IATA: Full recovery years off
The International Air Transport Association (IATA) released an updated global passenger forecast showing that the recovery in traffic has been slower than had been expected.
In the base case scenario: Global passenger traffic (revenue passenger kilometres or RPKs) will not return to pre-COVID-19 levels until 2024, a year later than previously projected.
The recovery in short-haul travel is still expected to happen faster than for long haul travel. As a result, passenger numbers will recover faster than traffic measured in RPKs. Recovery to pre-Covid-19 levels, however, will also slide by a year from 2022 to 2023. For 2020, global passenger numbers (enplanements) are expected to decline by 55% compared to 2019, worsened from the April forecast of 46%.
June 2020 passenger traffic foreshadowed the slower-than-expected recovery. Traffic, measures in RPK, fell 86.5% compared to the year-ago period. That is only slightly improved from a 91.0% contraction in May. This was driven by rising demand in domestic markets, particularly China. The June load factor set an all-time low for the month at 57.6%.
The more pessimistic recovery outlook is based on a number of recent trends:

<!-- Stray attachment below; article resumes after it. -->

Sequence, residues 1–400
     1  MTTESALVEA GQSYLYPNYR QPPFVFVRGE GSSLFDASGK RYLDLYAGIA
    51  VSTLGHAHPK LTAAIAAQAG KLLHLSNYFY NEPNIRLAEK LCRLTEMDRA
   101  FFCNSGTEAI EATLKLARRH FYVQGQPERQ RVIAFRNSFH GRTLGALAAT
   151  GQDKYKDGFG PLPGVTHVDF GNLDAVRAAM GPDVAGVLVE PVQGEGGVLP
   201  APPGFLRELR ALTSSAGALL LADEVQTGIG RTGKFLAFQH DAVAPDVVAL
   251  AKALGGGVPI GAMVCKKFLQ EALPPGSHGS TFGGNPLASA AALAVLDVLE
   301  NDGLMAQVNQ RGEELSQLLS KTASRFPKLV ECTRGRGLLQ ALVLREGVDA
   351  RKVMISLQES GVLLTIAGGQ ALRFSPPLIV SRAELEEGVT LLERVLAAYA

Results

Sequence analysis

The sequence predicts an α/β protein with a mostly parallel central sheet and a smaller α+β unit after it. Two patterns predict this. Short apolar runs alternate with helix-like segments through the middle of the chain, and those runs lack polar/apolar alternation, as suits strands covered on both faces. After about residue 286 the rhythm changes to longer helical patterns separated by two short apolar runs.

- Slow virus containment in the US and developing economies: Although developed economies outside of the US have been largely successful in containing the spread of the virus, renewed outbreaks have occurred in these economies, and in China. Furthermore, there is little sign of virus containment in many important emerging economies, which, in combination with the US, represent around 40% of global air travel markets. Their continued closure, particularly to international travel, is a significant drag on the recovery.
- Reduced corporate travel: Corporate travel budgets are expected to be very constrained as companies continue to be under financial pressure even as the economy improves. In addition, while historically GDP growth and air travel have been highly correlated, surveys suggest this link has weakened, particularly with regard to business travel, as video conferencing appears to have made significant inroads as a substitute for in-person meetings.
- Weak consumer confidence: While pent-up demand exists for VFR (visiting friends and relatives) and leisure travel, consumer confidence is weak in the face of concerns over job security and rising unemployment, as well as risks of catching COVID-19. Some 55% of respondents to IATA's June passenger survey don't plan to travel in 2020.
IATA's revised baseline forecast is for global enplanements to fall 55% in 2020 compared to 2019 (the April forecast was for a 46% decline). Passenger numbers are expected to rise 62% in 2021 of the depressed 2020 base, but still will be down almost 30% compared to 2019. A full recovery to 2019 levels is not expected until 2023, one year later than previously forecast.